Bioavailability and Metabolism of Raspberry Ketone with Potential Implications for Obesity Prevention
Danyue Zhao, Bo Yuan, Dushyant Kshatriya, Andrew Polyak, James Simon, Nicholas Bello, and Qingli Wu
The distinctive aromatic phenol obtained from red raspberries (Rubus idaeus L.), raspberry ketone (RK), is said to have anti-obesity properties. The goals of this study are to: 1) compare the bioavailability of orally dosed RK in four mouse cohorts: male vs. female, lean vs. obese; and 2) characterize major RK metabolites produced in vivo, and 3) Develop bioanalytical targeted metabolomic approaches. RK is extremely bioavailable, even in the brain and WAT, and is quickly metabolized in mice when given orally. Their findings are important for understanding the sites and mechanisms of action of RK in the long-term treatment of diet-induced obesity.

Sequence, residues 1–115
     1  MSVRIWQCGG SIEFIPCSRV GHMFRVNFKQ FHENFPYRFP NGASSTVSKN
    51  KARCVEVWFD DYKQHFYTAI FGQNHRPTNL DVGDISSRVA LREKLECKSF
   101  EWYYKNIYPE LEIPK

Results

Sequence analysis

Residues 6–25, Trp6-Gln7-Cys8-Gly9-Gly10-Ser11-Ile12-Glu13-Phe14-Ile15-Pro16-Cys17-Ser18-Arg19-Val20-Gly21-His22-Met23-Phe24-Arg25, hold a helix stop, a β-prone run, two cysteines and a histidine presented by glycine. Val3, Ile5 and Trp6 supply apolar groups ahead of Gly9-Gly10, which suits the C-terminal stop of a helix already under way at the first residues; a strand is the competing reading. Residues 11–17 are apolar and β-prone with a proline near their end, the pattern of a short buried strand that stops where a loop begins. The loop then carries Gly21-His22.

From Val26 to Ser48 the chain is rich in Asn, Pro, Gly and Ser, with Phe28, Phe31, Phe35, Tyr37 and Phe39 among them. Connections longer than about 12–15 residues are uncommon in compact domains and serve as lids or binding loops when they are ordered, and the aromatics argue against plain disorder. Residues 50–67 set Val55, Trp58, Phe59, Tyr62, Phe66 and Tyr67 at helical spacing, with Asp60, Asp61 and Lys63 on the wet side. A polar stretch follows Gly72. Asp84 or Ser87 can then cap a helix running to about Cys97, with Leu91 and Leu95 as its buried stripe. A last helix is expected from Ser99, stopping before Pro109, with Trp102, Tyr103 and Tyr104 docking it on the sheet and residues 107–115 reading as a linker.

Anti-obese action of raspberry ketone
Chie Morimoto , Yurie Satoh, Mariko Hara, Shintaro Inoue, Takahiro Tsujita, Hiromichi Okuda
A major compound of red raspberries is raspberry ketone (RK), and the structure of RK is similar to structures of other compounds like capsaicin and synephrine, are known to exert anti obese actions and alter lipid metabolism. A study was conducted to examine wether RK can prevent obesity and activate lipid metabolism in mice. The in vivo experiment consisted of different groups. The results of the experiments showed that raspberry ketones prevented the high-fat-diet induced elevations in body weight and visceral adipose tissues. RK also increased norepinephrine-induced lipolysis linked with the changed location of hormone sensitive lipase from the cytosol to lipid droplets in rat epididymal fat cells. The study concluded that raspberry ketones does prevent and improve obesity and fatty liver.
Do Raspberry Ketones Really Work? A Detailed Review
Kris Gunnars, BSc